The primary directive behind the new energy R- and U-value calculations is the ASHRAE report about the use of typical batt insulation used in between framing members. The term “thermal bridging” means that the framing members allow a pathway through the wall assembly to release heat out or allow heat into the building envelope. This bridging reduces the energy efficiency of the building, especially in steel framed construction. Continuous insulation is used as a way to combat this event.

Thermal imaging is a technique using a special camera to detect heat loss and air permeability in buildings through the use of infrared light. The infrared spectrum visible through the camera shows color changes due to temperature fluctuations thereby identifying the leaks.

There are different descriptions for continuous insulation in ASHRAE 90.1 and the IBC, as well as a continuing debate about different wall assemblies meeting the requirements. The Technical Information Services Bureau of the Western Wall and Ceiling Contractors Association has published a list of assemblies that they believe meet the new Energy Efficiency Standard in regards to plaster clad wall assemblies.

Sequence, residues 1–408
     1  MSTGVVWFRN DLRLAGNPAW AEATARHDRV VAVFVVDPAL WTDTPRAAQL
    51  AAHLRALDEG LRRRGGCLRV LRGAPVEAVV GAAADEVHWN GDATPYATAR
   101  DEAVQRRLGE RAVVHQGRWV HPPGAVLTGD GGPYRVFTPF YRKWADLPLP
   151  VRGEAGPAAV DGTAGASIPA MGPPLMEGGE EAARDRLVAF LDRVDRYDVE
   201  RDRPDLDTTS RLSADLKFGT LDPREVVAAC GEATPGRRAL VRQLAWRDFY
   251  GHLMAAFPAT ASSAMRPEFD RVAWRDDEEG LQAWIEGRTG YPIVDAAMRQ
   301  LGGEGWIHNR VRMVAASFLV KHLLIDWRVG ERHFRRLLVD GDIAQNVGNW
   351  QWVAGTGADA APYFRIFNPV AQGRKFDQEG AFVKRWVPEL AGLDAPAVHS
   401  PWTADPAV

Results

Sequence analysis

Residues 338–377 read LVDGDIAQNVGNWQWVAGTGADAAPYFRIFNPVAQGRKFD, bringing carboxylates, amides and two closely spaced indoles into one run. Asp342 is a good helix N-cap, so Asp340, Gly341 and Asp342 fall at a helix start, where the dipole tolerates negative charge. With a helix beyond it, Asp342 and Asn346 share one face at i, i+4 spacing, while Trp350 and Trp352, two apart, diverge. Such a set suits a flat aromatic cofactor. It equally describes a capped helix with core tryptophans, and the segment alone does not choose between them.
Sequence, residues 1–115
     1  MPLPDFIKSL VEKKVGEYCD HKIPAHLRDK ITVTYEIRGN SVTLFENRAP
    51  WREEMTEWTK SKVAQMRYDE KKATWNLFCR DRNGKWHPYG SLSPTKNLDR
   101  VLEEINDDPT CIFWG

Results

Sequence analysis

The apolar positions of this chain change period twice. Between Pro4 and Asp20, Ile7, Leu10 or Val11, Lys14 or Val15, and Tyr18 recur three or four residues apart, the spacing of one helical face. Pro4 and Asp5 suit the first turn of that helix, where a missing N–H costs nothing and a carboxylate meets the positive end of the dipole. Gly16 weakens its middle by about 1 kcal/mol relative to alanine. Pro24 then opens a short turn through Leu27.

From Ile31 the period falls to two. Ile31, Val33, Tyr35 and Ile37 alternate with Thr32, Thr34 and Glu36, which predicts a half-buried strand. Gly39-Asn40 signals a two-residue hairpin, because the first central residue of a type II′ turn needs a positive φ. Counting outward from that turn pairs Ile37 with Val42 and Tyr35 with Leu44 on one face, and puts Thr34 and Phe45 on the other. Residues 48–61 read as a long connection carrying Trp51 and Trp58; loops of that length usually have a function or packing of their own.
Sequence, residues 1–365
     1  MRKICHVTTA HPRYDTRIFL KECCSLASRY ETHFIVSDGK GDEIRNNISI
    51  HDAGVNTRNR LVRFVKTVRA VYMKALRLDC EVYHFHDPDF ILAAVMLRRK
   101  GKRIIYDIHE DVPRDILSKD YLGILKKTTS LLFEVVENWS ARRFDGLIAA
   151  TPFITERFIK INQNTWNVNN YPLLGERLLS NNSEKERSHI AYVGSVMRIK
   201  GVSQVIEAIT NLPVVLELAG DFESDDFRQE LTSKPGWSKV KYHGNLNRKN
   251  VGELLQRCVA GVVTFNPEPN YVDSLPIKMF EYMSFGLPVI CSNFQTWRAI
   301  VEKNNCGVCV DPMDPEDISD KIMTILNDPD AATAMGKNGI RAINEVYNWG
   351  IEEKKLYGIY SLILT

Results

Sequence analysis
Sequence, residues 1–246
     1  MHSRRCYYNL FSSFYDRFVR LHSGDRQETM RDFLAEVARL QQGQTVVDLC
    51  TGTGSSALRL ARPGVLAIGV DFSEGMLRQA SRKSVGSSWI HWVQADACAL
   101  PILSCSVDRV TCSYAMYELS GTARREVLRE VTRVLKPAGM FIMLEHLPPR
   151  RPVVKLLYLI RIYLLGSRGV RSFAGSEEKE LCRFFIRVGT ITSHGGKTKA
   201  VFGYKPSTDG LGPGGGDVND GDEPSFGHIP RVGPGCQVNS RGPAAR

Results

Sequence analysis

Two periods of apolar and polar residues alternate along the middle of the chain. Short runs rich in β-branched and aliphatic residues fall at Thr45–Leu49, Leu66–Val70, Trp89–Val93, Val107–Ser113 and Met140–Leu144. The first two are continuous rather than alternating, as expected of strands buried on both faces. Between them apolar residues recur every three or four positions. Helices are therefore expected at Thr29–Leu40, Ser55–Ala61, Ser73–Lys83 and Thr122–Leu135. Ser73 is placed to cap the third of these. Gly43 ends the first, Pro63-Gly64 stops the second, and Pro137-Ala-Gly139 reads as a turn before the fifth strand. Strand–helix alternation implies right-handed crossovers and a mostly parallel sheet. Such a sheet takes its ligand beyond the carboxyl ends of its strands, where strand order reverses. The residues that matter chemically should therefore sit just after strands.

The National Fire Protection Association will also weigh in on the wall design. NFPA 285 is scheduled to be mandatory on all structures 40 feet above grade in 2015, regardless of framing type. Complete wall assemblies will need to be tested in order to comply. More information is available at


As with any new code change to building design, there will be collaboration between the building owner, designer, general contractor and plaster subcontractor prior to construction. Government building officials, waterproofing consultants and various product manufacturers will also have input in new and retrofit building designs. Cost factors will also be influential on final design choices. But who makes the final decision on how to proceed? It will be important for the plaster industry to promote a sustainable design that will satisfy all of the requirements of the new code and minimize potential defect litigation. With the increased building cost of the new code requirements, three-coat plaster has an opportunity to recover some ground lost to other claddings in the construction industry.